Premature babies and brain development

Image with a parent holding a premature newborn baby

A large part of brain growth in a child occurs in the final half of pregnancy. For premature babies, the risks associated with that depend on how early the baby is born.

According to researchers at the McMaster University (Canada), the final two months in the womb are crucial to the development of the brain and to adapting and improving it. Premature birth can have an adverse effect on that. Researchers at Brigham and the Women’s Hospital of the Harvard Medical School confirm this: “Premature babies’ brains cannot always develop as well as those of babies born around the due date.”

Premature birth

We speak of premature birth if a baby is born before completing 37 weeks of pregnancy. Over 70 percent of babies are born between 34 and 36 weeks of pregnancy. Most preterm births are the result of a spontaneous premature birth or the rupturing of the amniotic sac (waters break).

Growth process of the baby brain

Neurons in the head of the fetus arise as a mass near to the center of what becomes the brain. These and the glial cells (or neuroglia – that support the communication between neurons) grow quickly and, at the same time, seek connections with other cells. The brain produces billions of connections during the final weeks of pregnancy. It creates more connections that it actually needs. After which, the brain tests all the cables and connections, as it were, to arrive at a ‘slimed down, efficient machine’.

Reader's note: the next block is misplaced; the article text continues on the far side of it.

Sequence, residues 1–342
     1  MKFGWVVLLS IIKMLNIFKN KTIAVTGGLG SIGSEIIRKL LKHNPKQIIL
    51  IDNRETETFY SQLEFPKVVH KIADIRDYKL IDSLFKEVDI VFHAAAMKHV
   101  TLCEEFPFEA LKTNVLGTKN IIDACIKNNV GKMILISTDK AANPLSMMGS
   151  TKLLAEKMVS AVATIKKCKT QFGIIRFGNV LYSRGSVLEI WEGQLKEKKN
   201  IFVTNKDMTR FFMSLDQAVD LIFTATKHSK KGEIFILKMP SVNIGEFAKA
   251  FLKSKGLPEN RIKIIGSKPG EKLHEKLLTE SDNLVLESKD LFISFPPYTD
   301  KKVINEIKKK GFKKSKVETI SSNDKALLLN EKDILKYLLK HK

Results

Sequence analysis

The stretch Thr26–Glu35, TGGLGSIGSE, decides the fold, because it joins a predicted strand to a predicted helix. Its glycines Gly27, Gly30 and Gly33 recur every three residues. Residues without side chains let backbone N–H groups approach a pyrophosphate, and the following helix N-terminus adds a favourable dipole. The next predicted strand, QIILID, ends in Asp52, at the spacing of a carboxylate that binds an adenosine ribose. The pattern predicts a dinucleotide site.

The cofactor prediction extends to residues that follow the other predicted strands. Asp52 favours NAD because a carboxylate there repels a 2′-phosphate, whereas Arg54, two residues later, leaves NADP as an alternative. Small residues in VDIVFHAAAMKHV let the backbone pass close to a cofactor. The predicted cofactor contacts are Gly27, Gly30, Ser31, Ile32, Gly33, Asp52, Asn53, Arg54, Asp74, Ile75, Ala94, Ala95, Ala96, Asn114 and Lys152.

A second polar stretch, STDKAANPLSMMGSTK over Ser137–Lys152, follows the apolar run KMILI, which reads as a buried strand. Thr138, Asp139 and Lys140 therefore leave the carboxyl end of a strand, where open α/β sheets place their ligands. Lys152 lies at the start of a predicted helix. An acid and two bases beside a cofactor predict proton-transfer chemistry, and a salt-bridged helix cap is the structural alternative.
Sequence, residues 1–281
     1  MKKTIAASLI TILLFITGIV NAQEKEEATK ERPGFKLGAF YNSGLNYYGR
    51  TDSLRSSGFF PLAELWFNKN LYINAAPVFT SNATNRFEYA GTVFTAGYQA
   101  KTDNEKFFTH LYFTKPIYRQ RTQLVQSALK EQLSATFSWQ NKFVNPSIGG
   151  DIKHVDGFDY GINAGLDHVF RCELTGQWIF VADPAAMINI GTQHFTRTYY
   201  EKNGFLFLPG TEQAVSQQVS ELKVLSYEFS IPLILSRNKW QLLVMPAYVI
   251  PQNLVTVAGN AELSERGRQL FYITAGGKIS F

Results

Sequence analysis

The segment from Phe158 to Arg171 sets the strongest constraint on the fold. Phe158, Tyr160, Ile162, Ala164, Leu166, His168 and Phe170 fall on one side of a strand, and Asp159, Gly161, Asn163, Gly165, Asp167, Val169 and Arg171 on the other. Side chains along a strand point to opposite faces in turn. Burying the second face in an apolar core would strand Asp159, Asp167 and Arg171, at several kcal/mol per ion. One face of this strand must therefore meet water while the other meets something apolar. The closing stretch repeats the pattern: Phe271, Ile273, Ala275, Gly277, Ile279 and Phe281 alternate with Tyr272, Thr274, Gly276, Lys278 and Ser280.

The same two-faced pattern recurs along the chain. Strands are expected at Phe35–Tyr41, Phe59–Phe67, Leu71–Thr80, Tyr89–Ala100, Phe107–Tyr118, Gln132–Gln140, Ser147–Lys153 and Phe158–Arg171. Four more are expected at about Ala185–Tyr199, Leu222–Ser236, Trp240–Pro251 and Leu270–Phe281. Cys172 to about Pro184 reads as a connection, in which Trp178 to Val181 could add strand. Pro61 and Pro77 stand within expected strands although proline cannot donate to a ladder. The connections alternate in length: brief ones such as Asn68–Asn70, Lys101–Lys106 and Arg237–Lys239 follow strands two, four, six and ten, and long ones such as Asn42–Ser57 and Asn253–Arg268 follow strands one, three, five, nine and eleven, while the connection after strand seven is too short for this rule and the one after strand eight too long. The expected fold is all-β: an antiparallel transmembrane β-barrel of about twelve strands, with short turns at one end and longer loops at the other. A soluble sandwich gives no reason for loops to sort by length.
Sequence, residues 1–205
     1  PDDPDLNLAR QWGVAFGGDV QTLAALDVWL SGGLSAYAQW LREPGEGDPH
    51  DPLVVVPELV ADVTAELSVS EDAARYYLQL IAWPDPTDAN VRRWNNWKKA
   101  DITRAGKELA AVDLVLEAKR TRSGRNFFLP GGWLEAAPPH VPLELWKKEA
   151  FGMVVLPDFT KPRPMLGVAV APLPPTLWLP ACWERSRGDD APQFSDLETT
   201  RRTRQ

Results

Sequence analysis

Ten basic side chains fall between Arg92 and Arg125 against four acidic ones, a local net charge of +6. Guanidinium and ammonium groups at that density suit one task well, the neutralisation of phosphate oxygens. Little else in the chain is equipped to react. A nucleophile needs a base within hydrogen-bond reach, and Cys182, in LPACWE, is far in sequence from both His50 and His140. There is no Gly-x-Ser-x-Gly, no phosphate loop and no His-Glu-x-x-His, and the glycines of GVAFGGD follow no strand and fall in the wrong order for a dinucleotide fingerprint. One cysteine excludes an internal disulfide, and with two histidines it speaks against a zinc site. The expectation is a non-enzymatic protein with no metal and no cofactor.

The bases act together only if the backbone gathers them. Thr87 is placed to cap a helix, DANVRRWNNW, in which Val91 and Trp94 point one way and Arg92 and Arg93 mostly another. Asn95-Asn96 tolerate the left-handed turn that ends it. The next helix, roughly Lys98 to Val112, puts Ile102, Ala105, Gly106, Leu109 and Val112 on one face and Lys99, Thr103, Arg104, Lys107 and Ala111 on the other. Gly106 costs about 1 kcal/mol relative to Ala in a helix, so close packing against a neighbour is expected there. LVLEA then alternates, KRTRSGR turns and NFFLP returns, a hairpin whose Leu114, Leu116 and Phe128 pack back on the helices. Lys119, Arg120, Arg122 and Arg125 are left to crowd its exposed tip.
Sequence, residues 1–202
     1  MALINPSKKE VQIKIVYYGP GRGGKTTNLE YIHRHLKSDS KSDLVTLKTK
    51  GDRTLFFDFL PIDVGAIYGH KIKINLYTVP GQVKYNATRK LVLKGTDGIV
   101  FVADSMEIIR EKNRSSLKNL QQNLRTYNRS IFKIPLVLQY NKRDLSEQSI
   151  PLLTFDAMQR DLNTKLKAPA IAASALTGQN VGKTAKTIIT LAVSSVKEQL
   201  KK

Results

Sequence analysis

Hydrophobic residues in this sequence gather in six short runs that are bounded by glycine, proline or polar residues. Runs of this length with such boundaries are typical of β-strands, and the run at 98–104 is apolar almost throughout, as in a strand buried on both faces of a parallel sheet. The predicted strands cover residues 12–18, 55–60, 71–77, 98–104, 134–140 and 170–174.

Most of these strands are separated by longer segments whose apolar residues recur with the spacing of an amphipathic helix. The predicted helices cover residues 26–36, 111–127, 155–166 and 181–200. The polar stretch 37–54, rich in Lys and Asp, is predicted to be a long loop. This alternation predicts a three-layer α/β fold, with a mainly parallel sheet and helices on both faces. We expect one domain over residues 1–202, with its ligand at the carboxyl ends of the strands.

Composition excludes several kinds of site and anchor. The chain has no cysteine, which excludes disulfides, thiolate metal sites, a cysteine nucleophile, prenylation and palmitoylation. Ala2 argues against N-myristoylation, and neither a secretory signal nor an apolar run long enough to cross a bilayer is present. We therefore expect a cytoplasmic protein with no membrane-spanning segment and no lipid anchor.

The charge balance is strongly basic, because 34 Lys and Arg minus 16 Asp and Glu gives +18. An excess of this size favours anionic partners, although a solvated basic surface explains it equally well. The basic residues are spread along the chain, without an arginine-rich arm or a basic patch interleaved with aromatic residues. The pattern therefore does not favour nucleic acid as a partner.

Dr. Sandra Witelson of McMaster University: “Normal early development of a child’s brain can be impaired outside the womb. In the womb, the child floats in fluid; some sounds are audible and the eyelids are closed. At birth, also with preterm birth, a baby is suddenly submerged in sights, sounds and touch.” That stimulates the brain while it is still developing.

Possible harm

Premature birth most probably interrupts the migration of the nerve cells, the growth of the glial cells and the ‘testing and trimming’ carried out by the brain. “Premature children will carry most of the neurons through into adult life, but it is possible that they are not in the right places or are not connected or tested correctly.”